On March 30, Noor Salman was acquitted by a federal jury of helping her husband, Omar Mateen, carry out the 2016 Pulse Nightclub shooting in Orlando, FL. Salman was found not guilty of aiding and abetting the commission of a terrorist act and obstructing justice, according to The New York Times. Salman had been accused of giving police misleading statements during an interview following the worst terrorist attack on American soil since the Sept. 11 attacks.
"I wish I had done the right thing but my fear held me back. I wish I had been more truthful," she wrote in a statement to the FBI that was read aloud during her trial.
Mateen's deadly spree claimed the lives of 49 people and left 53 injured before he was killed in a shootout with local police. The jury in Salman's case deliberated for over three days before reaching a verdict. "We are so grateful to them, so grateful for their verdict," a spokesperson for Salman's family said outside the courthouse. "She can go home now and try to pick up the pieces."
Salman's defense attorney, Linda Moreno, positioned Salman as a victim of abuse, saying, "Omar Marteen is a monster. Noor Salman is a mother, not a monster. Her only sin is she married a monster."
Assistant United States attorney Sarah C. Sweeney, who was part of the prosecution team, thanked the jurors for their services. "We respect their verdict," she said. The Founder of the onePULSE foundation, Barbara Poma, released a statement echoing Sweeney's statement.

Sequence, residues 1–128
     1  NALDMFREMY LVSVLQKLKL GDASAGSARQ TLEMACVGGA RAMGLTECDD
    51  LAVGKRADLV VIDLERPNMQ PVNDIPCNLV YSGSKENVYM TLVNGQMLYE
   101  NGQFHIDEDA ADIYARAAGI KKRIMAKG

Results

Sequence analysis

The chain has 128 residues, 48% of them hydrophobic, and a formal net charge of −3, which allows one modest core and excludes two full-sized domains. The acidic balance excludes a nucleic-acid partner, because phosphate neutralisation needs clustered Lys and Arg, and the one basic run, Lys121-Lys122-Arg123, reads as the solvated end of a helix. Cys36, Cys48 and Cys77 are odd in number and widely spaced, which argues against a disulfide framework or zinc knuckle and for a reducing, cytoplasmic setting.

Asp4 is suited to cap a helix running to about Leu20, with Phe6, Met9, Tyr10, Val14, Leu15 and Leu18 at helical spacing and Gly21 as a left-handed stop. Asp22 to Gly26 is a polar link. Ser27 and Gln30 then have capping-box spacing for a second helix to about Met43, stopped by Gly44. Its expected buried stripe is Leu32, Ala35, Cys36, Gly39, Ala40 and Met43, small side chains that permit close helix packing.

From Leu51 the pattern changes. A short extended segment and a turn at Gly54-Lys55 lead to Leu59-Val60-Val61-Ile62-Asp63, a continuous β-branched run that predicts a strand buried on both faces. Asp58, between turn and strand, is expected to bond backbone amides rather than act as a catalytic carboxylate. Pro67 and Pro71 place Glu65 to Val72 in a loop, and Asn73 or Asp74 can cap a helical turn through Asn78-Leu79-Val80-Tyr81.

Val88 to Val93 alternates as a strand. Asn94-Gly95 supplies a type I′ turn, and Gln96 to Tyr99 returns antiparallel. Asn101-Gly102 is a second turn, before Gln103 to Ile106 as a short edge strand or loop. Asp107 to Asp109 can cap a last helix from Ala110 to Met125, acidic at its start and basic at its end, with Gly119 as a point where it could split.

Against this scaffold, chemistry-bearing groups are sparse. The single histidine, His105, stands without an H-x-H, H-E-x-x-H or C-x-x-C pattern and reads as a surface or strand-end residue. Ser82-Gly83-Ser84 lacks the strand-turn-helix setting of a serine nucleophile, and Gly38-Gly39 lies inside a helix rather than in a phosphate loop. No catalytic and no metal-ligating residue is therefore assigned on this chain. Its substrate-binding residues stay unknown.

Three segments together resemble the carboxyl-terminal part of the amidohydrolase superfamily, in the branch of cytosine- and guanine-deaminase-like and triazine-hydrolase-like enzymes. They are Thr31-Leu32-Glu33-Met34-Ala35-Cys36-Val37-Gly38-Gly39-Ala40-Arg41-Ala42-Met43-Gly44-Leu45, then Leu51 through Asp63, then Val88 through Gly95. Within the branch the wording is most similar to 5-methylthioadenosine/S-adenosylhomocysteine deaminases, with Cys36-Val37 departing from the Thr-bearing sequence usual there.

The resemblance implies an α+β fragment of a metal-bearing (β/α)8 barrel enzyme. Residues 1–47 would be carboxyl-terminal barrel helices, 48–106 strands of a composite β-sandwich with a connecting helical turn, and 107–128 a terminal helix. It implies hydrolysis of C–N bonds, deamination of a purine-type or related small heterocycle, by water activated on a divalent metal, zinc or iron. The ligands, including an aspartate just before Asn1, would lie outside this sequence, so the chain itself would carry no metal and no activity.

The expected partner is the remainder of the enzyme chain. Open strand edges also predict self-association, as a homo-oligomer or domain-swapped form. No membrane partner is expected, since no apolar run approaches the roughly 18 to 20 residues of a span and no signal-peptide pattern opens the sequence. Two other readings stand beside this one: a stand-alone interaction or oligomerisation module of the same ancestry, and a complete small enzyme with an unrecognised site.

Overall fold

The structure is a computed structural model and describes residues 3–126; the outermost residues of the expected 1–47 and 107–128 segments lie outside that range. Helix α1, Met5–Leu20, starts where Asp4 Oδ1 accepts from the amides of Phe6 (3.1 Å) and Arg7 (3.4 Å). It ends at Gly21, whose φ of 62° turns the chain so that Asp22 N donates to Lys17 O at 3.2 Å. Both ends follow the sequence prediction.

"I respect the criminal justice process, and we all have to trust that the jury made its decision free of bias and emotion. Those of us directly affected by this tragedy must find peace in our hearts and remember that he was the one who pulled the trigger that night. He was the perpetrator, and he should not have one more minute of power over our lives," she stated. "This verdict cannot and will not divide us. The survivors, families, and first responders, as well as the community of Orlando and everyone around the world, must now focus on the work ahead of us. We will always carry the pain of what happened at Pulse, and we will never forget those who were taken. We will wrap our arms around all affected today and in the days to come. It will be difficult, but we will focus now on healing, and we will continue to work to help communities emerge from violence and hate. It is as important today as it was 21 months ago."